All signs indicate employee activism will continue to increase.  As more employees adopt a consumer mentality to employment and employers, a company’s position on social issues impacts their choices about jobs. Povaddo reports 45% indicate that a company’s actions on scoietal issues will affect whether they stay at or join the company. And, according to public relations firm Weber Shandwick, 44% of millennial American employees say they would be more loyal to their company if their boss took a public position on a “hotly debated social issue.”  

To remain an employer of choice and retain public goodwill, companies must recognize and leverage the influence of employee activism to create positive employee relationships and brand perceptions.

Business leaders must address employee activism proactively

Business leaders can mitigate the potential negative impact that employee activism may produce and instead leverage it to enhance their company’s image.  To do so, they must clearly articulate the organization’s core values, cultivate a culture around those values and, when engaging on social issues, ensure that they are in align with the values. That way, a company is more likely to attract employees who support its values, and the values serve as common ground between leaders and employees who want to speak out on issues. 

For example, the core values at Salesforce include “equality,” and CEO Marc Benioff regularly refers to the company’s values as a guiding force for the organization. So, when employees raised questions about the company’s gender pay gap and when Outforce, the company’s LGBTQ community group, organized a campaign supporting marriage equality, the developments weren’t a surprise or concern to Benioff. 

He picked up on the momentum generated by employees and enacted decisions that advanced it, such as increasing pay for women and creating a rule that would make it more likely that women would be promoted. Benioff and Salesforce are now perceived as leaders in the movement toward equal pay.

CEOs and other leaders must also engage in transparent and two-way communication with employees about the company’s position on social issues. Not only will such communication help them meet employees’ expectations to be engaged more actively, but also it will help identify potential conflicts and address problems before they develop.  

After Rometty wrote her letter to Trump, the company invited comment from employees on its intranet. While reactions included praise as well as criticism, one employee’s response announcing that the Trump letter had prompted her to quit received widespread media coverage. Perhaps if Rometty had communicated with employees before releasing her letter to Trump, she would have chosen a different course of action or at least would have been able to head off the negative coverage. It seems, though, that she learned the value of proactive employee communication when, a year later, she wrote a letter letting employees know the company was walking away from Trump’s strategy and policy forum.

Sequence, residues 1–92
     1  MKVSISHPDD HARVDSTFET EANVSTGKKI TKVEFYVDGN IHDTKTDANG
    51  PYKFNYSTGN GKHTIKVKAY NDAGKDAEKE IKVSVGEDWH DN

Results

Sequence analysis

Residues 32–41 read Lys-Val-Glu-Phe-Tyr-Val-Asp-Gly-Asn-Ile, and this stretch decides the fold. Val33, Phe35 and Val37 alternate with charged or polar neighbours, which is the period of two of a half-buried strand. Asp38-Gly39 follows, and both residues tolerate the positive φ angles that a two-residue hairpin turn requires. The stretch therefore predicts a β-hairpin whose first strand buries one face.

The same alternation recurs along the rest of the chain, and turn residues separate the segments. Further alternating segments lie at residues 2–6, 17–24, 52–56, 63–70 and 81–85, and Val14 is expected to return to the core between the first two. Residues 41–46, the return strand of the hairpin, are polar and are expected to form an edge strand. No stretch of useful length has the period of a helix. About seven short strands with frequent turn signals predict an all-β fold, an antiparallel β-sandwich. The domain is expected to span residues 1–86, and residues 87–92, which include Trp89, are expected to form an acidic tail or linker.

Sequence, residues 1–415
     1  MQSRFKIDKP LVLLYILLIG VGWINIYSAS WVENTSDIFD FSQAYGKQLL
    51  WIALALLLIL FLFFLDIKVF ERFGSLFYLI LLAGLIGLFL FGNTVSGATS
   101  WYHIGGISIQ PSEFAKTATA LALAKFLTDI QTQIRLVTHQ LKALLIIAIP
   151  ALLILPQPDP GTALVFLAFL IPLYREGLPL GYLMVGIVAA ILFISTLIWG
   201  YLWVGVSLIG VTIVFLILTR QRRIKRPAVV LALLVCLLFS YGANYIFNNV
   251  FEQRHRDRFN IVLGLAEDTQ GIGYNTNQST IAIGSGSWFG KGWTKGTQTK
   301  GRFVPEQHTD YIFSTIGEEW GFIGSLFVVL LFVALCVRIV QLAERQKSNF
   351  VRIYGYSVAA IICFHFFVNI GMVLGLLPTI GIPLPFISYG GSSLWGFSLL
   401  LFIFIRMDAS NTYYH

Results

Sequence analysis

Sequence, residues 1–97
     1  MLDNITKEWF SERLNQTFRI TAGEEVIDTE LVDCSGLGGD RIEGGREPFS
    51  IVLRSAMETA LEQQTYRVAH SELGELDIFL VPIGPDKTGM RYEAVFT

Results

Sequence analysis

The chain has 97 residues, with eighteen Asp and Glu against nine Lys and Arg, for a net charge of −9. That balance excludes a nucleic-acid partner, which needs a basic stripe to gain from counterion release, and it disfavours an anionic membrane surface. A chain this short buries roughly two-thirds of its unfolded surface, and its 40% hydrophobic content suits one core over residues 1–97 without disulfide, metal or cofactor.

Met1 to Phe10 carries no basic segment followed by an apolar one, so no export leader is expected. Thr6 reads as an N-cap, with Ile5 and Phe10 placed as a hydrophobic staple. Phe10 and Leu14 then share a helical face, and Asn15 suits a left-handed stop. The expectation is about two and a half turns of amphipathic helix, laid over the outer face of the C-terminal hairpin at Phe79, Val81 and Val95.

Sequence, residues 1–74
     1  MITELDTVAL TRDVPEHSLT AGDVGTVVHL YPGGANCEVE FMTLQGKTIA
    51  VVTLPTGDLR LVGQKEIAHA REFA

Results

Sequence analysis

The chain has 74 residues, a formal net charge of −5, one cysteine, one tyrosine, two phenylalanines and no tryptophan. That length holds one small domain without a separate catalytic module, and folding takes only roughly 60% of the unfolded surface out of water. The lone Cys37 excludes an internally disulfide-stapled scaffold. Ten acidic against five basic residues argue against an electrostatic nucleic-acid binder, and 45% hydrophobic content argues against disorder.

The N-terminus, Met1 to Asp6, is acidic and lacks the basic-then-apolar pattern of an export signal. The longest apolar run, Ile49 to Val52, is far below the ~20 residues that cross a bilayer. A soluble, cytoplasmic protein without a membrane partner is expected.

In contrast, consider, how a couple of years ago, then-Starbucks CEO Howard Schultz first engaged employees in a conversation about racial issues as  part of its Race Together brand campaign. The morning after Schultz spent a sleepless night considering how his company could contribute to the #BlackLivesMatter conversation, he assembled what became the first of many employee forums to discuss the matter.  Although the campaign ended up being widely criticized by outsiders and the media, few employees were publicly critical of it because they were not surprised by it and had been given opportunities to share their opinions.

Leaders should also realize that the absence of communications is also a form of communication. Upon receiving the complaint ticket about the company’s ads on Breitbart, Amazon’s ad sales team responded by saying they were not taking actio, and then the company’s HR department closed the ticket.  The decision to close the ticket without communication from company leaders caused confusion and more unrest among employees.  

Later, sources said, Amazon leadership met with an employee representative of the group behind the online petition, but by then the problem had already received significant media attention and stoked the public’s call for Amazon to end its relationship with the media company (Amazon still allows some forms of ads on the site).

Employee activism is a natural development in the current age when more people are looking to businesses to affect positive change where government has failed to do so.  Instead of being caught off guard by it or taking a laissez faire approach to it, CEOs should get out in front of it.


Denise Lee Yohn is the go-to expert on brand leadership for national media outlets, an in-demand speaker and consultant, and the author of the bestselling book “FUSION: How Integrating Brand and Culture Powers the World’s Greatest Companies.”